Within doctors’ examination rooms, operating rooms and waiting rooms, clinicians and other staff know the importance of empathy. Caring for patients and loved ones extends beyond one’s medical skills. It also requires a good heart.
As sign-up time for 2018 medical insurance approaches, patients look for a meaningful differentiator in healthcare providers when deciding whether to stick with their health plan, their primary care provider and other doctors. On the medical side of our industry, healthcare systems line up to talk about how caring their doctors and nurses are – and overall, they’re pretty honest in describing their empathetic care providers.
But afterward comes the bill, when too often empathy vanishes – and therein lies a huge potential differentiator.
Just like every provider around the country, Austin Regional Clinic’s well-meaning staff have a hard enough time dealing with insurers and the mysterious language of codes, acronyms and lingo that relate to our services and billing. It’s a burden that we insiders shoulder on a daily basis.
Imagine our patients’ experience. They deal with complicated, costly financial matters related to complex medical treatment maybe once every few years – or maybe just once ever and, thus, for the first time with us.
One can (too) easily pin blame on the patients. They needed costly treatment due to their own actions or inactions. They signed up for whatever insurance they possess, coverage shortcomings and all.
Regardless, we have a duty to help, whether they are seeking medical care for illness or injury or when they’re dealing with frustration after the bill comes.
Deep down, we know they need to be shepherded all the way through what is a difficult time in their lives. When our patients suffer medically, we have an opportunity to bring genuine healing as we help them recover, so why not extend our empathy as they face related financial costs?
What’s almost certain is that patients will continue to bear more medical costs. Premiums have been on the rise, and this renewal season will be no different.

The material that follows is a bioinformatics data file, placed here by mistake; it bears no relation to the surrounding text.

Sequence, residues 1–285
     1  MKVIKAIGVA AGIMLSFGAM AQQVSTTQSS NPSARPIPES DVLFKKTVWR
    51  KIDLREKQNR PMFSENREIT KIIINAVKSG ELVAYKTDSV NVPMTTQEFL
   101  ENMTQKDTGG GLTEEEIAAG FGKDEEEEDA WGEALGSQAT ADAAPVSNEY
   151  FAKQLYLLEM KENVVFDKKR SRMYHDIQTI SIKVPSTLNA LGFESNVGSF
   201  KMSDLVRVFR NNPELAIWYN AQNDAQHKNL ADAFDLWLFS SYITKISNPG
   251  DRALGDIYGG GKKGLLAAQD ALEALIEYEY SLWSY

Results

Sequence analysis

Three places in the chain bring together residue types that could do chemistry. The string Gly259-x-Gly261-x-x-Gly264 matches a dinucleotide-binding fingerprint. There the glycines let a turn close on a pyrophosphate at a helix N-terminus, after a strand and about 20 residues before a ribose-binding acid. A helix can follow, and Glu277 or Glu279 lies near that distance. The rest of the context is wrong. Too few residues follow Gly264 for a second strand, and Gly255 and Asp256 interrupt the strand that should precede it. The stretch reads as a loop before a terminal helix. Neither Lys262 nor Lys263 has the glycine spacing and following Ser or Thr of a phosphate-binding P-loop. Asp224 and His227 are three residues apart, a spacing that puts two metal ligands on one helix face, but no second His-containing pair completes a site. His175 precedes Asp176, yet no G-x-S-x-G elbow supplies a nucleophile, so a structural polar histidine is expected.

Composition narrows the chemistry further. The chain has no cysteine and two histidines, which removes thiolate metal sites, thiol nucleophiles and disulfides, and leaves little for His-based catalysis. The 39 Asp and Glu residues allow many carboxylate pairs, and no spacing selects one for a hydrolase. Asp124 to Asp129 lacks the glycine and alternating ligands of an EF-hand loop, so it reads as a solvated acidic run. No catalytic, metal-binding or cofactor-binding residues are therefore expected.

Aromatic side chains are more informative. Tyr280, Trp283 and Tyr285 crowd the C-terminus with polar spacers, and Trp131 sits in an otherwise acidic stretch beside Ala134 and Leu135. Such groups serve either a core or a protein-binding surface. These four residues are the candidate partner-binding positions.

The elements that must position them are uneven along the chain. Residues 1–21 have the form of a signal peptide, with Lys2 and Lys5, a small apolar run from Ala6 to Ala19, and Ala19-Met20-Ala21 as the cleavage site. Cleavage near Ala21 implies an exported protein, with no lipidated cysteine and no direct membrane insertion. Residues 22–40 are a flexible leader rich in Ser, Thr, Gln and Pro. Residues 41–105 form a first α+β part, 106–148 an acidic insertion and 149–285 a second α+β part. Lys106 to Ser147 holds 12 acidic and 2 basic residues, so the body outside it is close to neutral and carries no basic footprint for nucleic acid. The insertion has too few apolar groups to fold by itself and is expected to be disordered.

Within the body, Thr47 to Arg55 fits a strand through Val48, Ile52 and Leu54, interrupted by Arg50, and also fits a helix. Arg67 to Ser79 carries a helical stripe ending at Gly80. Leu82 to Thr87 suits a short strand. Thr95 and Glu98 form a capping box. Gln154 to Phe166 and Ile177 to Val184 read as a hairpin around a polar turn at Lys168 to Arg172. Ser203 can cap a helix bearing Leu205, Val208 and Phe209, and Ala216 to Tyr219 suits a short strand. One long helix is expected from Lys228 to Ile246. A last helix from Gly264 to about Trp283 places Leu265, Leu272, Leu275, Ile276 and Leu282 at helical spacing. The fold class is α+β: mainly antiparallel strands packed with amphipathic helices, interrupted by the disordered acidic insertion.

From its inception, ARC has been an innovator and leader in ongoing efforts to help patients get better value from their healthcare dollar. One of the best tools in managing healthcare costs is ready access to primary care, offering the right care in the right place at the right time – hopefully before an issue becomes both a health crisis and financial crisis.
Injuries and illness quite often occur during inconvenient hours, when general medical offices hours are closed. To protect patients from unnecessary sticker shock, we should continue to educate them about lower cost options for non-emergency care (which comprise 90 percent of ER cases) — from after hours to urgent care to telemedicine.
Pharmaceutical medicines make up a large and increasing portion of patients’ out-of-pocket expenses. Physicians can help ease this stress by helping patients sort through the barrage of advertising hype to choose the best medicine for each patient’s situation. Our doctors know which are likely to make a real difference and which are modern day (and often quite costly) snake oil.
Because here’s the inevitable effect of rising costs for patients: if (or when) the cost of care is too high, patients will skip or delay visits to their doctor, timely medical tests or preventative exams. That’s not good for the health of our community or the health of our patients.
Like any business, we need to consider the needs of our customers. Dealing with medical bills is no one’s idea of fun, but we can make it less of a source of stress (a.k.a. deterrent to healing). We can be as caring in how we deal with patients facing medical cost challenges as we are with their health issues.
That may mean helping them consider the cost of different care options; the timing of care around plan years or deductibles; or simply allowing more time for structured payment plans for larger bills. It may also mean helping them understand what other bills they might expect from a hospital or an anesthesiologist and how their choices can affect those costs.
In so many ways, we demonstrate empathy to our patients. Let’s not forget that later on, when dealing with the balance due.
Ted Matthews, MBA, CPA, CGMA, serves as Chief Financial Officer (CFO) for Austin Regional Clinic and Covenant Management Systems. As CFO, he has financial oversight and assists in strategic development for both organizations.